This situation combined with the regular harassment and illegal detaining by SARS is enough to create nightmarish insecurity in the hearts of any Nigerian.
The justice system needs to be held accountable and where possible service level agreements should be agreed upon.
This is a common practice in the private sector where each party to an objective is assessed on how quickly they get their end of the job done.
6. Lack of trust in our Health-care system:
It’s no longer need that Nigeria is losing First best brains in the medical sector to other countries. This coupled with the fact that those saddles with improving this sector are the same people who run abroad for medical treatment. If this doesn’t scream insecurity, I don’t know what else does.
Our politicians need to show trust in our medical sector and this trust will only come from proper funding, provision of adequate medical infrastructure and proper remuneration of medical personnel.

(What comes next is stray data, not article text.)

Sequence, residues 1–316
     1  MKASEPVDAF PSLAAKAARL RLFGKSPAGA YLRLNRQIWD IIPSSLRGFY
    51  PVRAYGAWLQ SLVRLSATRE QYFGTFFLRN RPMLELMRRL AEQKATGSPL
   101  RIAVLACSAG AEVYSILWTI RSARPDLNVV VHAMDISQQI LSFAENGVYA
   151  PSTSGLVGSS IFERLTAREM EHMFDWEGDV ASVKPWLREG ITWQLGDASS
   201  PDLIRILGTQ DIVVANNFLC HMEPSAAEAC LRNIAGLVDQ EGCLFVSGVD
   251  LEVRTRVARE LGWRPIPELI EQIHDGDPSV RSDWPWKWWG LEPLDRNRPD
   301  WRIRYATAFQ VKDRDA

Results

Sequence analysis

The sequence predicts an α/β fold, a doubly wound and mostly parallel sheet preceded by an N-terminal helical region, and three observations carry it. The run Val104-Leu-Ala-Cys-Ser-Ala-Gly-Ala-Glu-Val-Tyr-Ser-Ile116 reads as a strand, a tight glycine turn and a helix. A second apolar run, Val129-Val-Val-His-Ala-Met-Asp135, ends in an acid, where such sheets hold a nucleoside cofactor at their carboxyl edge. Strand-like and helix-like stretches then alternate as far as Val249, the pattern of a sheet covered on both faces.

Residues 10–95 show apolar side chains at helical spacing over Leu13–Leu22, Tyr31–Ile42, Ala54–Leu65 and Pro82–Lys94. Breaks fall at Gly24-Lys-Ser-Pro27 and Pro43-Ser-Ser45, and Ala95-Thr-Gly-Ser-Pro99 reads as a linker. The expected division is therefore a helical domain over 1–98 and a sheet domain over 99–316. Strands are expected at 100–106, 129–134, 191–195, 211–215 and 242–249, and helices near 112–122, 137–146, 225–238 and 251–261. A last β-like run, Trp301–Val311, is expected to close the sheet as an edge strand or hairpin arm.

7. Lack of financial support to start ups
Nigerian banks do nothing to encourage start ups. You can take that to the bank (no pun intended). Alot of ideas and innovations haven’t seen the light of day due to lack of capital.
Take a trip to any bank and ask for a loan. You might as well just gift the idea to the bank because they’ll ask you or everything from your eyebrow to your bellybutton.
Banks in Nigeria exist to support established businesses, not start ups. This needs to change. The way to do it is to have units within the banks meant to go after start ups, help with feasibility and buy into the idea with a percentage stake. Small businesses are what economies should be built on.
8. Ailing power sector
Take a second to imagine this scenario; no power failure for the next 5yrs… the effect of this would be so great for the economy.
More businesses would spring up, more income saved from importation of generating sets, lesser production costs etc.